MIDLANDS province Zanu PF bigwigs Senator Richard Hove and Economic Development minister and MP for Mberengwa East, Rugare Gumbo, are at loggerheads over control of the constituency.
According to highly placed sources in the provincial leadersh
ip, the dispute emanates from the claim that Gumbo wants to remain the only strong man in Mberengwa and Midlands province as a whole.
Gumbo is understood to have fired the Zanu PF Mberengwa district coordinating committee (DCC) and replaced it with his own hand-picked right hand man.
“The problem is that Gumbo wants to remain the strongest man in both Midlands and Mberengwa forgetting that Hove is a political veteran and has been a politburo member for a longer period than him and he is also the senator for both Mberengwa and Zvishavane,” said sources.
The Zimbabwe Independent understands that last month Hove and the provincial chairman Jason Machaya failed to address a Zanu PF meeting at Mataga growth point in Mberengwa East after being booed by party supporters aligned to Gumbo.
When Machaya was contacted for comment he confirmed that there were problems in Mberengwa which surfaced during last year’s Zanu PF primary elections.
“It’s a fact that there are problems in Mberengwa East constituency and these divisions emanate from the 2005 primary elections where Goodwill Shiri lost to Rugare Gumbo,” Machaya said.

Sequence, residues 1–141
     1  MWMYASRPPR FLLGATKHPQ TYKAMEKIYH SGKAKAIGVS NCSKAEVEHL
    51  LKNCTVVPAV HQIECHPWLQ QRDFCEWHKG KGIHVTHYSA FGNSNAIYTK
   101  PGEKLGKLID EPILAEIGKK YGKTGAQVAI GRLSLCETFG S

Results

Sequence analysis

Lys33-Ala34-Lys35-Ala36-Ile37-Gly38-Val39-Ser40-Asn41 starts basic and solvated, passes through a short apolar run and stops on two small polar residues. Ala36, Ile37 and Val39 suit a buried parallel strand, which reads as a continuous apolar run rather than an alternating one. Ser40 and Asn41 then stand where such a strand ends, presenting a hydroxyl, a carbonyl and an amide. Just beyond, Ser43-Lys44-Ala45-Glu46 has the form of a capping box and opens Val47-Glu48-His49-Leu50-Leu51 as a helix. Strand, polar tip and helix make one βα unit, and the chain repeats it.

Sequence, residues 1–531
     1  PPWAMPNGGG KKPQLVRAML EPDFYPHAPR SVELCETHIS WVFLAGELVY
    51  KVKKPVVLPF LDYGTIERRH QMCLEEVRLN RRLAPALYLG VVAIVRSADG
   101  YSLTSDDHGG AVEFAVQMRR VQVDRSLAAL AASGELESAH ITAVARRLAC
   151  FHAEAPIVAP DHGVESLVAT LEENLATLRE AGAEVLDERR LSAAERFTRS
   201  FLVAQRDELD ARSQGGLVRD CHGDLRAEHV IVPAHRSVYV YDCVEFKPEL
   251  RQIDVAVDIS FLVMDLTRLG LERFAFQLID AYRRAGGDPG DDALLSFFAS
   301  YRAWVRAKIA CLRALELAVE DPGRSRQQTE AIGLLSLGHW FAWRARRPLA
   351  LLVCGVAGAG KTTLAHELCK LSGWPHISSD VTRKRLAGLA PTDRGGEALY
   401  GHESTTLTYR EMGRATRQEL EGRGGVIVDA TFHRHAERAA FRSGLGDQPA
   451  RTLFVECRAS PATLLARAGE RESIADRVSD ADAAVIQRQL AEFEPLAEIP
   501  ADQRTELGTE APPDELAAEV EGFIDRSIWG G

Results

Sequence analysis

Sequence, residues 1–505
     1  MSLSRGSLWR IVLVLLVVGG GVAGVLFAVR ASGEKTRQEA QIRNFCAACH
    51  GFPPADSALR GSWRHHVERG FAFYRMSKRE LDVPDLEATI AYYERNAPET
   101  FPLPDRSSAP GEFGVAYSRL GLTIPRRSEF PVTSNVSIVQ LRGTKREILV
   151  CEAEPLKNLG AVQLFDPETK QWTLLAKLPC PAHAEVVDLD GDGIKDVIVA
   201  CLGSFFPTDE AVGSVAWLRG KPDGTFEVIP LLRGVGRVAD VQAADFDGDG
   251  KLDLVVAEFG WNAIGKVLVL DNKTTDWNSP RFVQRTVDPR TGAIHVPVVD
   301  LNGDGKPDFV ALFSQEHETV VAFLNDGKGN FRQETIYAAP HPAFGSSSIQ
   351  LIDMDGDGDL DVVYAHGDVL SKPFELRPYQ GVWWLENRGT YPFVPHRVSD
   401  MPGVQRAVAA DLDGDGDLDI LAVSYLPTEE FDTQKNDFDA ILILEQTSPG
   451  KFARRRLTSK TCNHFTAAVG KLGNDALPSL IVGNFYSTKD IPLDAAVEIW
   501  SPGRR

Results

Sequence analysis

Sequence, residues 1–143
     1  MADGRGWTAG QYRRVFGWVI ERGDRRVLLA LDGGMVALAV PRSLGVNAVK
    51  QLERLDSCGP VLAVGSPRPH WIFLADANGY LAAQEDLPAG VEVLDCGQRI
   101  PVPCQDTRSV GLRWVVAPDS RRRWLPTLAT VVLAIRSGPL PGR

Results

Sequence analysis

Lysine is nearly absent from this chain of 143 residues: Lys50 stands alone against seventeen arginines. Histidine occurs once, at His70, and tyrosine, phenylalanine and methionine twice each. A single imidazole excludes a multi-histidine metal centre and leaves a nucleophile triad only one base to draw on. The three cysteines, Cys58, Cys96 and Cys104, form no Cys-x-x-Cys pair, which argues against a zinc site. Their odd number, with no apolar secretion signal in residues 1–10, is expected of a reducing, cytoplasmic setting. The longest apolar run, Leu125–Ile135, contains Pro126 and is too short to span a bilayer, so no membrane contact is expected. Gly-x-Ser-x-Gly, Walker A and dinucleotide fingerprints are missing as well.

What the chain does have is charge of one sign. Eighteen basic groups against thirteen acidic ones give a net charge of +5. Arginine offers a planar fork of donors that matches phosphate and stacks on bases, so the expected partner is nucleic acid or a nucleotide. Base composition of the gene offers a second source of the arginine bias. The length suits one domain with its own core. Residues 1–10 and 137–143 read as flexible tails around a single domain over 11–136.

“The national chairman and the party national commissar, including the Midlands provincial leadership, are working hard to resolve the Mberengwa issue,” he said.
However, Machaya denied allegations that he was booed by party supporters at the Mataga meeting.
Hove was elusive when contacted to comment on the matter.
“I am sorry mwanangu, I can’t do interviews through the telephone because there are possibilities of being misquoted,” he said.
Gumbo firstly refuted the allegations when contacted but later confirmed divisions in the province.
Asked whether he had an idea about the meeting where his supporters are alleged to have booed Hove and Machaya, Gumbo said: “What I can only say is that we have different opinions, but actually I can’t say there are significant differences and it’s expected in the party.”
“We generally work together with them and I don’t think I can be involved in factionalism because I am politically mature,” he said.
Zanu PF provinces have been rocked by serious divisions arising from politicians’ eagerness to control the party grassroots.